11 Grow Your Own Food Start your own vegetable garden! With the square foot gardening technique, even apartment dwellers can learn a simple technique for growing veggies on a small patio.
12 Donate Food Donate excess food and garden produce to food banks, soup kitchens, pantries, shelters—and your friends and neighbors.

You Can Be Part of the Solution

Food waste has become an enormous problem worldwide, as the latest statistics suggest. Fortunately, you can do a number of things to reduce your own food waste, and if your garden produces more than you know what to do with, you can also be a game changer in your own community by donating your excess harvest to a local food pantry. AmpleHarvest.org’s database will tell you where the nearest food pantry accepting fresh foods is. And, if your local food pantry is not yet in the database, you may want to bring AmpleHarvest to its attention so that they may sign up. Again, if you’re not a gardener, please consider passing this information along to friends and neighbors who garden, and/or your local farmer.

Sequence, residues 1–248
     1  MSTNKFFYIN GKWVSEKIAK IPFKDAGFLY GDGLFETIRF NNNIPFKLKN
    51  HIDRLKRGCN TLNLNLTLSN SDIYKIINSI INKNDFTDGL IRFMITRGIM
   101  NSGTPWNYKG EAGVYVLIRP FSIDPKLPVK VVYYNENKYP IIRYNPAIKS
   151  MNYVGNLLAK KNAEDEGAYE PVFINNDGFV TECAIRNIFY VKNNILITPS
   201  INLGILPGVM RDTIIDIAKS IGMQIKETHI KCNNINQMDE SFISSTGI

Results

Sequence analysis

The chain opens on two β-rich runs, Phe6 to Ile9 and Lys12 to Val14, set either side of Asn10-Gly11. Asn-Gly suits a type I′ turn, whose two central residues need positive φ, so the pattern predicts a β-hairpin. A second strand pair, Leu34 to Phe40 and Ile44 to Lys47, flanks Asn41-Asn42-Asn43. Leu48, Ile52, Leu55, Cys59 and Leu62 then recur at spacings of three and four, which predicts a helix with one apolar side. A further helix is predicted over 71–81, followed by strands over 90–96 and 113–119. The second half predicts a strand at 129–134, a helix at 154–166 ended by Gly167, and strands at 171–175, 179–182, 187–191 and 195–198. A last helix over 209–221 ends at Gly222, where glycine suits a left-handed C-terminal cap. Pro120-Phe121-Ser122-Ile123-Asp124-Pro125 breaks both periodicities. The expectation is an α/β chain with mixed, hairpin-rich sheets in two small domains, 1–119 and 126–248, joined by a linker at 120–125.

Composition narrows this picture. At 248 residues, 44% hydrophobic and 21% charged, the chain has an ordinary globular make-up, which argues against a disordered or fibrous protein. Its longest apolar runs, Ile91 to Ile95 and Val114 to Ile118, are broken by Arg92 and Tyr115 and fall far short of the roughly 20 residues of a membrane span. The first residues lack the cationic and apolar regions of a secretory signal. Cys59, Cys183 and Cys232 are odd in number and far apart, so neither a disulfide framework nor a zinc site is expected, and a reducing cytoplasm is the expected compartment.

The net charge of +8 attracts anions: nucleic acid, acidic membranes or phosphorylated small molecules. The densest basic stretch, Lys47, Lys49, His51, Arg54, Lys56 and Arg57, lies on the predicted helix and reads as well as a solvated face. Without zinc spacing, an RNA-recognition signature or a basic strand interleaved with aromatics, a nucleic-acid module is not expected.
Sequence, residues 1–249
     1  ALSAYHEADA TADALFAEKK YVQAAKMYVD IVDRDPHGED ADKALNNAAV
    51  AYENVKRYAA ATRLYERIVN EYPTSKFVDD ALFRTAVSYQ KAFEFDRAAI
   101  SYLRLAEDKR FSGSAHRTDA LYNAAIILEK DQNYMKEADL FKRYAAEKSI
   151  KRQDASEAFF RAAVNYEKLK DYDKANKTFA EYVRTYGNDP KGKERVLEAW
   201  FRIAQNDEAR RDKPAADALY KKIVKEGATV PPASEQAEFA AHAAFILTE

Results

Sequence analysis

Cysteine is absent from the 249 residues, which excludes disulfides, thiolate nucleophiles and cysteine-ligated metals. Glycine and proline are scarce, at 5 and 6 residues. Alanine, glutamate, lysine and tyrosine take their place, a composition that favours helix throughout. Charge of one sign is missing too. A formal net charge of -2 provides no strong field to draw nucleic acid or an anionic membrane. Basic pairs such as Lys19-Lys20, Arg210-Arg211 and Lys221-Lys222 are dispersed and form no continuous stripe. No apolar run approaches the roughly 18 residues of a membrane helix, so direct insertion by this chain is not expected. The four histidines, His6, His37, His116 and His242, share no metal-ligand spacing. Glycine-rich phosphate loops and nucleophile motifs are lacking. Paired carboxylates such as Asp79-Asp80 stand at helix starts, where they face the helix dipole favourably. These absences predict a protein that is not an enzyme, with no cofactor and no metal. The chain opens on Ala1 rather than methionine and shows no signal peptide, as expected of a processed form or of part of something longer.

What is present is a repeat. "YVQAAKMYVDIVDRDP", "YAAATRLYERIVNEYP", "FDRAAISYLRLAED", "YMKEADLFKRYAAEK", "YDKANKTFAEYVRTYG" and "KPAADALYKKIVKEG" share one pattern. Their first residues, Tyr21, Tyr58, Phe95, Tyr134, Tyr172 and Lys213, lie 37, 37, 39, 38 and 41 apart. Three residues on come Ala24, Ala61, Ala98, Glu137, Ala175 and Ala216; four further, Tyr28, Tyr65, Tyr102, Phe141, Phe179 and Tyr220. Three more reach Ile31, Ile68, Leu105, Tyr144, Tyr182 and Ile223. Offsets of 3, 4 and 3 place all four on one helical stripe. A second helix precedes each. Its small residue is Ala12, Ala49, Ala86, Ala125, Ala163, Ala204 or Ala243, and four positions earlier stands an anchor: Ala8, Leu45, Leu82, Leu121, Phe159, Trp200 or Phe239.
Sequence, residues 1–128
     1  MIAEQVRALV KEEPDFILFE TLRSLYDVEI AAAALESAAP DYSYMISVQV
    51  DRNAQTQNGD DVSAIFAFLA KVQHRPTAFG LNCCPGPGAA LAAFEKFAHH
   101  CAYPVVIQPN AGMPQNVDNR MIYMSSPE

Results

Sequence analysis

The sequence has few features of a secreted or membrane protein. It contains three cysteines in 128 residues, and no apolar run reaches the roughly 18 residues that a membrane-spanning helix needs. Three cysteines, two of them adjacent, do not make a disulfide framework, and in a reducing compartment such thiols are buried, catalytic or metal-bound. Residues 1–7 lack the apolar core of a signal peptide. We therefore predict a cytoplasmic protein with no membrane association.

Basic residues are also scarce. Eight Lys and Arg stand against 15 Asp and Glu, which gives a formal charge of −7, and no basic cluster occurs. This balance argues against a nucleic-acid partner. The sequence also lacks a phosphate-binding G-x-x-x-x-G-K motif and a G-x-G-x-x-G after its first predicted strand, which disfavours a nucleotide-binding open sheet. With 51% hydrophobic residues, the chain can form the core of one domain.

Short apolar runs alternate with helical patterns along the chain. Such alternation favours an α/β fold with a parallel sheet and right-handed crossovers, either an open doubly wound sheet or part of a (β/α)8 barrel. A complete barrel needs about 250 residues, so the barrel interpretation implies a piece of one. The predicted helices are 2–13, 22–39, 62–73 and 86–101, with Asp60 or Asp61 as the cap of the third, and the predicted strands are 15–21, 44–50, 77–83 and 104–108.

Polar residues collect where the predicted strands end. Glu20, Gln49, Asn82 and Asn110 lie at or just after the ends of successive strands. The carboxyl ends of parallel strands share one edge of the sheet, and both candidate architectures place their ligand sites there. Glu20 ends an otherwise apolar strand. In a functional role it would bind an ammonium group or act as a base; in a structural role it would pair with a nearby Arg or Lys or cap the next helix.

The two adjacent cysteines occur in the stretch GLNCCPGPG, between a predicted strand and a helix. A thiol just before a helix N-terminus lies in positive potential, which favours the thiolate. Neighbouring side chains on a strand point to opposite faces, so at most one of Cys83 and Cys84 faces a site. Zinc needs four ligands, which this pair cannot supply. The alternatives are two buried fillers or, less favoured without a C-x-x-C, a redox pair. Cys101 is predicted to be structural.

(click the link at the top to read more from mercola.com)

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Cover Cropping Basics: How to grow cover crops

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Cover Cropping Basics: How to grow cover crops: Organic Gardening. (click to read the full article)

Cover Crop Basics

Plant “green manure” this fall, and your garden will be more productive and healthier next season.

By Erika Jensen

Buckwheat makes an excellent cover cropThe Easiest Cover Crops